Our David's Garden Seeds 4.5 inch ruler we had specially made for our customers.
Not to long ago, I was watching an episode of Green Acres where Mr. Douglas is complaining to the county extension agent, Mr. Kimball, that the soy beans were not growing as they should. Mr. Kimball asked if he was following the growing instructions. Mr. Douglass said that he was. Mr. Kimball then asked him if he was doing such and such. Mr. Douglass said that he wasn't. Mr. Kimball then pointed out to him that if he does not follow the directions exactly, then how can he expect the crops to grow correctly.
I wonder how many home gardeners do the same thing: "Do not follow the directions but expect great results".
One thing that comes to mind is seed depth. Most seeds will do great when planted at a 1/4 inch. Some of the larger seeds can go a bit deeper. We have had people complain that our seeds did not grow, but when asked how deep did they plant them, they will answer "1 to 2 inches". We explain below why their seeds did not surface.
Even I myself feel into this trap. I was not reading the directions for putting on organic fertilizer. I would fill my container with 1/2 a gallon and then turn it on. Come to find out, I only needed two ounces. So we pay more attention to this now and even have a measuring cup.
When starting seeds, the most important thing to remember is not to plant them too deep. Placing the seeds in 1/4 inch of soil will do. Larger seeds like beans and squash can be buried at 1/2 inch to 3/4 inch.
The seed is a living embryo that contains enough energy to germinate and break the surface of the soil. If planted too deep, the seed will run out of energy and die before it breaks the surface. Once it breaks the surface, it produces the energy it needs through Photosynthesis to keep growing.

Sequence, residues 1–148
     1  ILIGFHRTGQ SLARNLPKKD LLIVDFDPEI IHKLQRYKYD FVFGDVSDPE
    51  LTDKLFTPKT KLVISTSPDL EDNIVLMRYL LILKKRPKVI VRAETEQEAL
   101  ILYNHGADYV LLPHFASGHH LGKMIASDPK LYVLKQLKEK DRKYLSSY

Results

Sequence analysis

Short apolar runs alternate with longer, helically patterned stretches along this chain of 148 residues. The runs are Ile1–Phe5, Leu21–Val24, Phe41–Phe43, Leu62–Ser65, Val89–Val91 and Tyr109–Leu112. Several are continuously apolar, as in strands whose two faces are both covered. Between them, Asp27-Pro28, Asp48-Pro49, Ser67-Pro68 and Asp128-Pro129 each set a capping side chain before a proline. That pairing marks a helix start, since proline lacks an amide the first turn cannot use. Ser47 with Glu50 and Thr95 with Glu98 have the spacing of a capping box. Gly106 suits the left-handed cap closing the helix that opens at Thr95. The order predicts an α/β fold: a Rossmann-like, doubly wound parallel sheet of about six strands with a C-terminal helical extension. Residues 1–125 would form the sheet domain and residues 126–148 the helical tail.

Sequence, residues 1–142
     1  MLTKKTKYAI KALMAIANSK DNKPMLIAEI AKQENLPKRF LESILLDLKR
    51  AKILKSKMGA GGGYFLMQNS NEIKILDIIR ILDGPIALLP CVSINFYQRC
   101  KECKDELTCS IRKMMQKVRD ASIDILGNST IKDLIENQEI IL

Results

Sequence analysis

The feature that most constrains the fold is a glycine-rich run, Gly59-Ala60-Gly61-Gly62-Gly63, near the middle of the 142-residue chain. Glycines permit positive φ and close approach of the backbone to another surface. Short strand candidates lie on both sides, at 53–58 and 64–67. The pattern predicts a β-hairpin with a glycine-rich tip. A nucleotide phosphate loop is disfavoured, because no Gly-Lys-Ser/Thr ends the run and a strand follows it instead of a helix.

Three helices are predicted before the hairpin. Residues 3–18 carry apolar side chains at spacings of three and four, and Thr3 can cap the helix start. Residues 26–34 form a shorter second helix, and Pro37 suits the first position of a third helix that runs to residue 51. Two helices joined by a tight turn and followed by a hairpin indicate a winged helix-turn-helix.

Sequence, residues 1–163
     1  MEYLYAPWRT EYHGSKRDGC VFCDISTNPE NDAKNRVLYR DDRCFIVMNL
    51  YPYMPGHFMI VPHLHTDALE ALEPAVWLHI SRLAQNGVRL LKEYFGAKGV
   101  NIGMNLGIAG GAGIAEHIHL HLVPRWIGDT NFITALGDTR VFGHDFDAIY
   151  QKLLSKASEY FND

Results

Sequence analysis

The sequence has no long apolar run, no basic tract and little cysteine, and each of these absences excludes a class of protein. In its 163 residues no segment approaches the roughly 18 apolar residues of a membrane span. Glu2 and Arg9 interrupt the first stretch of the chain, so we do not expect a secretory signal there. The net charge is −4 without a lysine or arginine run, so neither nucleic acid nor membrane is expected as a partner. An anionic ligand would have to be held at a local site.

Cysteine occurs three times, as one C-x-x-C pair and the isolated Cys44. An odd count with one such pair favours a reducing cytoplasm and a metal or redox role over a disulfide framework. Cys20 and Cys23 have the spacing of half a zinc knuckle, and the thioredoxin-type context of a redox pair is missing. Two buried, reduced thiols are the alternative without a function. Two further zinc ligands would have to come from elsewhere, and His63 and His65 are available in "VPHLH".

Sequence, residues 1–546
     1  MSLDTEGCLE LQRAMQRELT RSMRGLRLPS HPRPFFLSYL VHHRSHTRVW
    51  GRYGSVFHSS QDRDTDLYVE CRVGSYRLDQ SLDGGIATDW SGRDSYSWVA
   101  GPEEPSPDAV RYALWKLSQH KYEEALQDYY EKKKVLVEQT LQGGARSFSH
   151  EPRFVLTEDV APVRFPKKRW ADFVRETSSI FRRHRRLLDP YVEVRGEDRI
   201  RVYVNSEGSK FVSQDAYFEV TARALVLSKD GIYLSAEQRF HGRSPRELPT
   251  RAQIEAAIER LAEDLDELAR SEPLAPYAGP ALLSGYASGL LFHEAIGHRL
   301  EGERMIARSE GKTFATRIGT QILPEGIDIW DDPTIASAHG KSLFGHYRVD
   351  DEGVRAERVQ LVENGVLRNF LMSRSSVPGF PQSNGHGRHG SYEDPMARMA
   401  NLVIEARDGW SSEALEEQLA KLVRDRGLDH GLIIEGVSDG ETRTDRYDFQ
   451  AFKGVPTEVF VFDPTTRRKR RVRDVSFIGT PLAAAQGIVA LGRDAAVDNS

It is best to actually measure how deep the hole is with a measuring stick or one of our special measuring ruler. It is the first of its kind. You can email us with your address and we will send you several.
Special Update: 6-14-2020: For many years I have said that planting the seeds no more than 1/4 inch was the most important thing. I have come to realize that this is not exactly true. Soil temperature is probably the most important thing. You have to know at what temperature your specific seed will germinate.
Each variety has its special temperature where it will start to germinate. They are not all the same by variety or family. For instance lettuces--some like it chilly, some like it warm and some even like the temperature to be hot.
You have to know where the seed packages are produced in order to get the right plant date or just look it up on the internet. For instance if you buy one of our seed packs, which are from the deep south, and it says, "Plant after danger of frost and the soil is warm." We can plant shortly after the last frost.
We will have our last frost and then it warms up quickly. In the north, after the last frost is different because they will still have night time temps in the high 30's and 40s. For most seeds this is not warm enough.
A lot of gardeners think that they can plant after the last frost but they do not pay attention to the second part of this which is, "and the soil is warm." Warm being at least 70 degrees, constant. Day or night the soil needs to be at 70 degrees.
Don't be fooled by warm days. If the nights still get cold, the soil may not be warm enough. When the days warm up, we start to get the itch to plant. But wait. Buy a soil temperature thermometer (same as you use in the kitchen) and actually see what it is.
End of Special Update.
Keep the soil moist, but not wet with a soil temperature of at least 70 degrees. Over-watering will drown the seed. A good rule to follow is the dirt should be moist so it feels like brown sugar up to your first knuckle. If it feels dry like salt, it is too dry. If it feels like wet flour then it is too wet.